Purdue University faculty members are expressing a range of views on Thursday's selection of Mitch Daniels, currently ending his second term as governor of Indiana, as the university's next president. Morris Levy, past chair of the Purdue University Senate, published an open letter to his faculty colleagues, both pledging support for Daniels and raising questions about his appointment. The letter noted that the search committee had requested help from an advisory committee of faculty, students and alumni -- and that that group has stressed that its first criterion for the next president was that he or she be someone with experience leading an academic institution (something Daniels lacks). Levy also mentioned "a cloud of conflict of interest," in that every member of the Purdue board was either appointed or re-appointed by Governor Daniels.
But two faculty members who were on the search committee wrote a column in The Journal and Courier in which they said that the search committee took faculty concerns seriously, tried hard to recruit the best possible academic candidates, and discussed in detail the issues related to picking someone from outside of academe. "This choice is a bold move because the governor does not have the academic credentials that university presidents traditionally have. U.S. research institutions, including Purdue, are the envy of the world, and typically it takes an insider to understand exactly how the process of academic freedom operates to enable us to lead the world in research and education. But there are rare exceptions. Public universities find themselves in exceptional times, and we found an exceptional candidate for these challenging times," they wrote.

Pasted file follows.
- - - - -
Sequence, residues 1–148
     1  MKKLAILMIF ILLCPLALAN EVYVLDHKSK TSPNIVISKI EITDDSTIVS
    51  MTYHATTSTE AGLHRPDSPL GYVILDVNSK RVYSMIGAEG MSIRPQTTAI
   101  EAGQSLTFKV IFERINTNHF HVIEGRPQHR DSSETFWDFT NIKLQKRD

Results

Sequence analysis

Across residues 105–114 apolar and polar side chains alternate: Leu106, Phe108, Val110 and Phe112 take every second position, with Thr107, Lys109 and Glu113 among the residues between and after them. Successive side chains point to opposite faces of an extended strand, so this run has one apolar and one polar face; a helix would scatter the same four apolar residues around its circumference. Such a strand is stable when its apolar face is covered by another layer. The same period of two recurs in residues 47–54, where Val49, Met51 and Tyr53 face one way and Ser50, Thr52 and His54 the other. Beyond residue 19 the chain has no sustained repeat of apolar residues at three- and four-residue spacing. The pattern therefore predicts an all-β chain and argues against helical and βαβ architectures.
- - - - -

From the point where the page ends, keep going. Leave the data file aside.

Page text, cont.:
Rodney Erickson, president of Pennsylvania State University, issued a statement Friday, following the conviction of Jerry Sandusky on 45 of the 48 charges against him, reaching out to the child sex-abuse victims in the case. "The legal process has spoken and we have tremendous respect for the men who came forward to tell their stories publicly. No verdict can undo the pain and suffering caused by Mr. Sandusky, but we do hope this judgment helps the victims and their families along their path to healing," said Erickson.
His statement also acknowledged that some of the victims plan to sue Penn State, and Erickson suggested that settlements are possible. "Now that the jury has spoken, the university wants to ... do its part to help victims continue their path forward. To that end, the university plans to invite victims of Mr. Sandusky’s abuse to participate in a program to facilitate the resolution of claims against the university arising out of Mr. Sandusky's conduct. The purpose of the program is simple – the university wants to provide a forum where the university can privately, expeditiously and fairly address the victims' concerns and compensate them for claims relating to the university. Counsel to the university plan to reach out to counsel to the victims of Mr. Sandusky’s abuse in the near future with additional details."
While the Sandusky trial is over (barring appeals), more fallout from the scandal is expected. Trials are pending for Tim Curley, the former athletics director, and Gary Schultz, a former vice president in charge of the campus police, on charges related to allegations that they didn't report child abuse by Sandusky.
The Philadelphia Inquirer also reported that the university has started "preparing trustees for the possibility of an indictment against former president Graham B. Spanier." Spanier has denied wrongdoing, and has been fighting with the university over access to e-mail records that he says he needs to adequately respond to various probes of the scandal.
The More or Less Unanimous Declaration of the Board of Visitors